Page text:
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Barack Obama and Mitt Romney wasted little time rushing to the cameras when the Supreme Court narrowly upheld the president's sweeping health care reform law.
Their remarks after the June ruling were a contrast of competing rhetoric over a contentious piece of legislation, and a prism into how each candidate hopes to quietly change the makeup of the federal courts.
"Americans are probably paying much more attention to the economy than the Supreme Court," said Thomas Goldstein, a top appellate attorney and SCOTUSblog.com publisher.
"But they should be thinking about presidential court appointments, because they'll make a big difference in the future of the law. You think about things like same-sex marriage, affirmative action, voting rights -- all of these are issues that have very different ideological components to them, and the more conservative justices definitely have a different view," he said.
But the landmark health care ruling had exactly zero impact on the presidential race at the time as a CNN/ORC poll just days later showed virtually no change in opinions on public attitudes toward Obama or Romney.
It is an unusual dynamic: the Supreme Court traditionally rates near the bottom when voters are asked to list the issues most important to them, but the high-profile issues the justices decide -- hot-button topics like health care, abortion, economic and tax reforms -- remain of consistent concern to the electorate.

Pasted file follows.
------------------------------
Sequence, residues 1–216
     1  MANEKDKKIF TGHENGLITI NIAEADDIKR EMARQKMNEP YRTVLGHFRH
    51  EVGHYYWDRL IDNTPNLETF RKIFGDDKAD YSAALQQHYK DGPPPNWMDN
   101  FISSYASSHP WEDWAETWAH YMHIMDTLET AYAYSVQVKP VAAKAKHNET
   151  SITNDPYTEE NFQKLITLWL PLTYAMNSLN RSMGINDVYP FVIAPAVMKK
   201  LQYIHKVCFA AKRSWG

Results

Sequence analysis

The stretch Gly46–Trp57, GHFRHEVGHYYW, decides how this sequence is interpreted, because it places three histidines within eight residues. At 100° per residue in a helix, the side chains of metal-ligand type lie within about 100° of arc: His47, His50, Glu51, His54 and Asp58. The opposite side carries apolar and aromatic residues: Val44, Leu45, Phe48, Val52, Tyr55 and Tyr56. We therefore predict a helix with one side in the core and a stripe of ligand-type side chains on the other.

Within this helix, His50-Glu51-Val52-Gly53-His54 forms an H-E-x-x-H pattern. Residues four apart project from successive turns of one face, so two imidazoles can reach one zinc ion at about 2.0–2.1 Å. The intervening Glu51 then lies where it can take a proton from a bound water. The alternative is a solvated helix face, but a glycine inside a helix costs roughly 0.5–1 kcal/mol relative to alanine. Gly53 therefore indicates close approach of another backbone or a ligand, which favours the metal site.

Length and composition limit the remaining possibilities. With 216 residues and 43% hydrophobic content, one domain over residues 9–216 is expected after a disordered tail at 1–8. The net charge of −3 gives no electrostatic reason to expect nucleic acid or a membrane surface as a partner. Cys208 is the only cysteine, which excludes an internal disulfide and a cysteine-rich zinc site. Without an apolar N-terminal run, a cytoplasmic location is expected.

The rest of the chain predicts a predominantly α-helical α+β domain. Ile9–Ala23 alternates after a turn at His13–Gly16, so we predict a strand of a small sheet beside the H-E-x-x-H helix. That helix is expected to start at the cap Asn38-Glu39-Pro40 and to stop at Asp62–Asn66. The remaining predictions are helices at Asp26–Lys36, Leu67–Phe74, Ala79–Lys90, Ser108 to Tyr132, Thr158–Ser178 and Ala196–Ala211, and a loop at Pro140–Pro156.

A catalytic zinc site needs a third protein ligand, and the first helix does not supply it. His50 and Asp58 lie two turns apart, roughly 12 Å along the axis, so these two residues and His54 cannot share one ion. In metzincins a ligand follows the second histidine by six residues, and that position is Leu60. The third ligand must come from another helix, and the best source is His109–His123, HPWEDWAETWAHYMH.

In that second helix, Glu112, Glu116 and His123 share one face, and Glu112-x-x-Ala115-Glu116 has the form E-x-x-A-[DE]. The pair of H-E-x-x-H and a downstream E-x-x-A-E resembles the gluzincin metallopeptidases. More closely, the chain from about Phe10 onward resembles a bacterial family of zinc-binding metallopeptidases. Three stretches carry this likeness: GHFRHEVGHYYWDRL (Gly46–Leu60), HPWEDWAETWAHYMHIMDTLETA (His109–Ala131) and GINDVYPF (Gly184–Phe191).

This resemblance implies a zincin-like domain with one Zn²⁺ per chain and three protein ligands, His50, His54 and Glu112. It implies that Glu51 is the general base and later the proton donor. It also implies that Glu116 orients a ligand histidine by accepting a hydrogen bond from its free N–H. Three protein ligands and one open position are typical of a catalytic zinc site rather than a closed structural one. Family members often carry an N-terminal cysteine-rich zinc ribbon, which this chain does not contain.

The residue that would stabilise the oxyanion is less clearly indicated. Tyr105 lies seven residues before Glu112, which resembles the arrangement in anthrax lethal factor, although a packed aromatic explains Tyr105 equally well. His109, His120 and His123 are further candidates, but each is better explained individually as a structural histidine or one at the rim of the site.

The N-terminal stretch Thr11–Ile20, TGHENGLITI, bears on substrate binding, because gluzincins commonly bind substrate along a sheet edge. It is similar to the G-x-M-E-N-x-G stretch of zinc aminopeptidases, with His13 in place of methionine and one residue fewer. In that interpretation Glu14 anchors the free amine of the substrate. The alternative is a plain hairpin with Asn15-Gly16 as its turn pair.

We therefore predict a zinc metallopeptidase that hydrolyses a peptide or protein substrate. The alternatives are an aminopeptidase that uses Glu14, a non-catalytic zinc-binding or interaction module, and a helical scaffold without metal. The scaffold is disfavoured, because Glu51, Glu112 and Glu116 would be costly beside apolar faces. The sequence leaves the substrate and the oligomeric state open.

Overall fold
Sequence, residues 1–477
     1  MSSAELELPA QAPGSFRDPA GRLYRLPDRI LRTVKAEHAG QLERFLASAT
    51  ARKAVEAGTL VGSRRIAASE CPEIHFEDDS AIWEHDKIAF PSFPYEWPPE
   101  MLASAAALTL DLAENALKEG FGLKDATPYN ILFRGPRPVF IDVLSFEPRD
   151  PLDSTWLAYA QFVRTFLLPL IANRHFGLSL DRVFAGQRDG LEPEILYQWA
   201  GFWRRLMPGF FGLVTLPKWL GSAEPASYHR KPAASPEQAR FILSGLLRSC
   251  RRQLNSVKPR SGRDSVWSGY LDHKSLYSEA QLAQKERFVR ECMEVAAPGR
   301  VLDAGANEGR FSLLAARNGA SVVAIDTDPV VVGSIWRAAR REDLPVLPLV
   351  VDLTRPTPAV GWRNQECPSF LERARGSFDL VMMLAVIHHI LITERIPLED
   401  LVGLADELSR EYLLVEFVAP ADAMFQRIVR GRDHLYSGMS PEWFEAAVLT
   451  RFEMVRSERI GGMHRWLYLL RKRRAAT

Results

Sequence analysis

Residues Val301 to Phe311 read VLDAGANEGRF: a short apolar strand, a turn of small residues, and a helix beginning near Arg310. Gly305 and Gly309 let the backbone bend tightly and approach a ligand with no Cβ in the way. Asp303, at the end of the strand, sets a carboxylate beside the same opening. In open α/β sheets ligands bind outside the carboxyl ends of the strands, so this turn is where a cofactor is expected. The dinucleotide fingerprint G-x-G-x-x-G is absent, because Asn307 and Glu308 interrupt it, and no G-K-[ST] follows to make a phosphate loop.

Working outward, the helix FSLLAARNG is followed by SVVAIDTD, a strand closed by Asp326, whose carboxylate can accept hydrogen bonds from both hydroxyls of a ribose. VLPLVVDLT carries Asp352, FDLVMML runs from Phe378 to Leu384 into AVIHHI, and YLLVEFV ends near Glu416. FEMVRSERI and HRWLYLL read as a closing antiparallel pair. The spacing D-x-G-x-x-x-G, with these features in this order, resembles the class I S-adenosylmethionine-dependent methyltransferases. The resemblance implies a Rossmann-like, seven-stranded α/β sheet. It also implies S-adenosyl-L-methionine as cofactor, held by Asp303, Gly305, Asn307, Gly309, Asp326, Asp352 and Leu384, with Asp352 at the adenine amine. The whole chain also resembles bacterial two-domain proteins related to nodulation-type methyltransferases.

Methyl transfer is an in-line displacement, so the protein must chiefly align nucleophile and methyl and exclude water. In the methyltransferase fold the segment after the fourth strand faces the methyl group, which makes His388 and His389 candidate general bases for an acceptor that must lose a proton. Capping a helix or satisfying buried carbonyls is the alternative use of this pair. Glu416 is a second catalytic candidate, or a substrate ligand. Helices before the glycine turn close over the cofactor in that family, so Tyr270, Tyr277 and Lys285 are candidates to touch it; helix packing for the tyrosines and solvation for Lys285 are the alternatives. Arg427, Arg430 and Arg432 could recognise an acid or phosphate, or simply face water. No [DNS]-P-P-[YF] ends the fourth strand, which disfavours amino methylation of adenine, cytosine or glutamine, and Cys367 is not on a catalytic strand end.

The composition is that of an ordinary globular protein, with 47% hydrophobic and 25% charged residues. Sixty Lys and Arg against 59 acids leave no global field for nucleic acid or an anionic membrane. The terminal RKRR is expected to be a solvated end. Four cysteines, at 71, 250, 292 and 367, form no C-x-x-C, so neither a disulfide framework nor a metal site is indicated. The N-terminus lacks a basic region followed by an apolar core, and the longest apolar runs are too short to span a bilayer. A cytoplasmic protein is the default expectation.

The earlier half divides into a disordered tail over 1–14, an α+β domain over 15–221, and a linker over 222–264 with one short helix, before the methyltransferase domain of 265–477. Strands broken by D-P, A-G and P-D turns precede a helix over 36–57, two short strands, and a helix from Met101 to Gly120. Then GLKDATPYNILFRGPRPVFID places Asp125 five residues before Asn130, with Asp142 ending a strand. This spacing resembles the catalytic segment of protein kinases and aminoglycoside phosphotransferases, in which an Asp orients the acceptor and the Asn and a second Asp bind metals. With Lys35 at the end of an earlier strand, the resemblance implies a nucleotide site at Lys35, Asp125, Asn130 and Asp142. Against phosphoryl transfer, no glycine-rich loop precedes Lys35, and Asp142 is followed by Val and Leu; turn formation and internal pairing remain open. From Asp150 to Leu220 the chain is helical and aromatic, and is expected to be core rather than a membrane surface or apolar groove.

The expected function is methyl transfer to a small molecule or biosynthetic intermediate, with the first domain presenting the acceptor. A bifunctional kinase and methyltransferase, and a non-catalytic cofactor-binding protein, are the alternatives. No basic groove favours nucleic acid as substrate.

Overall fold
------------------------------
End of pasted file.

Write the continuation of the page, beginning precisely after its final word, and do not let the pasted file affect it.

The high court is poised to maintain a period of bench stability for at least a couple more years, barring an unexpected illness or personal crisis. This, after four court vacancies from 2005-2010 brought on Chief Justice John Roberts and Justices Samuel Alito, Sonia Sotomayor, and Elena Kagan.
Still, many court watchers anticipate the man sitting in the Oval Office through 2016 could name at least one and perhaps as many as three members to the Supreme Court. And the recent health care decision may have raised the already high stakes on the makeup of the federal bench at large.
"Even more Americans are watching who is on the Supreme Court this election cycle, more so perhaps they have in the past, because there's a clear connection between who is on the court and how that affects your daily life," said Elizabeth Wydra, chief counsel of the liberal Constitutional Accountability Center. "The Supreme Court and its ideological divide is really placing the Constitution and the country in many ways at a crossroads."